Friday, November 22, 2013

Seirai Yūichi, Seisui (2000)

The story is Seisui 聖水, by Seirai Yūichi 青来有一. It was co-winner of the 124th A-Prize, for late 2000.
The title story is the winner:  a long novella whose title could be translated “Holy Water.” 
The book contains three other stories, which I haven’t read yet (!).
The narrator, Hidenobu, is a single male in his 20s or perhaps early 30s, on his second career.  He worked in a bank for a while, but is now working for Sagari, a friend of his father’s.  Over the course of the story Hidenobu meets and starts a relationship with Kayano, who also works for Sagari.  Tension in the love affair is provided by the fact that Kayano’s mother thinks Sagari might be after Kayano, and in fact he kind of is; by Hidenobu’s passive, charmless approach to wooing her; and most importantly by the fact that Sagari seems to be on the verge of starting his own religion, and Kayano’s mother is a charter member.  Hidenobu’s father turns out to be a believer, too, and Hidenobu doesn’t like it. 
Belief is the theme of this story, and boy, I’ve just scratched the surface of how it’s explored.  The story is set in a village behind Nagasaki that overlooks the city, in particular the Urakami Cathedral and Ground Zero;  the village itself is defunct, but was once a hidden-Christian enclave.  Hidenobu’s father grew up there, and now that he’s dying of cancer he moves the family back there, to a little house he’s had built especially to remind him of the old days in the village.  He spends most of his time on a lounge in the garden under a magnolia tree. 
The village’s history touches everything in the story.  It involves betrayal as much as it does fidelity;  as the village emerged into the Meiji period one of its sons, Unosuke, betrayed them to the authorities as Christians.  And yet he’s hailed as an illustrious forebear, even as the village’s Christian past is also celebrated.  That “Christian” should probably be put in scare-quotes – not my judgment, but the characters’, as many of them refuse to be assimilated into the new mainstream Christian churchees that have come into Nagasaki, but instead cling to the catechism that was passed down in their midst over the centuries, the “oratio,” even though they readily confess to not understanding more than a few words.  They don’t think of themselves as Christians, but as hidden-Christians.  It’s more about cultural identity than belief.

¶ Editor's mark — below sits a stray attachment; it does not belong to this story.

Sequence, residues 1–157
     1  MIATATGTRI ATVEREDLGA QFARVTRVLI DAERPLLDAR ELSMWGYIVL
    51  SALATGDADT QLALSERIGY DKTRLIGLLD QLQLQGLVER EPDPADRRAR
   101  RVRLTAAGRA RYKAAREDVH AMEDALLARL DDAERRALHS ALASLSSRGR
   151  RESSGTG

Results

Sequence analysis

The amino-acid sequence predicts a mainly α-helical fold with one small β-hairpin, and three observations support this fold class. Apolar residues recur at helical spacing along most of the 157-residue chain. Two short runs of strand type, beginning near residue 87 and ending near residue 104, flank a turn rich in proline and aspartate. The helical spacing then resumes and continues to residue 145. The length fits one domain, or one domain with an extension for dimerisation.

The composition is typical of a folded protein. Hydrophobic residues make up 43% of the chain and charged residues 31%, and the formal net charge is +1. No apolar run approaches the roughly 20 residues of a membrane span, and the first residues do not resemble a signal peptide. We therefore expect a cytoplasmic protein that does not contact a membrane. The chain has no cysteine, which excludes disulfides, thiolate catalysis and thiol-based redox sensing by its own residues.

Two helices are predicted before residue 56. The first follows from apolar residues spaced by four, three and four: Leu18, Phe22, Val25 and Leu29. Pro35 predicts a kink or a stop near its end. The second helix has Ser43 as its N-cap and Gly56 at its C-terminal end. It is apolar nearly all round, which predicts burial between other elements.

And yet belief is constantly problematized in this book.  The narrator’s father, a longtime unbeliever, a practical man of business, asks that the oratio be recited at his deathbed;  he claims to see the spirits of the dead, or their reincarnated form in birds and bugs in the garden.  And he starts to believe in Sagari’s new religion. 
The narrator’s father runs a chain of supermarkets, while Sagari runs a chain of thrift shops and a mineral-water business; a lot of the plot of the story revolves around the father’s attempt to merge the two business, bringing Sagari in as his successor, using Hidenobu as a kind of stalking-horse.  There’s resistance, not least from Hidenobu, because of the quasi-religious nature of Sagari’s business.  That consists of this.  His mineral water is marketed under the name Holy Water, and comes (but not really) from a grotto that he found in a fishing village – when he found it he was suffering from lesions in the mouth, and one drink healed him.  He placed a statue of the Madonna in the grotto, and started selling the water.  It has more than a few true believers, and it started spawning irregularities in his chain of stores:  he started issuing scrip based on the water that could be used in lieu of cash in his stores, or in a flea market that he starts.  Essentially setting up a parallel secret economy, outside of the real one, getting people to work in his stores for the scrip, to repair and sell things in the flea market for the scrip.  All for the satisfaction of it, or because they believe.  Hidenobu’s father, the hard-headed man of business, used to scoff, but now that he’s dying of cancer he believes the water is taking away his pain, and is content to allow his business to be placed in the service of the holy water.
As if all of that weren’t enough, the whole thing is set against a hibakusha backdrop.  It’s not clear that the father’s cancer is related (but it’s a safe bet);  it’s not really clear which of the old people in the story have what ties to the bombing, but it’s always there, and near the end the father attends a memorial service.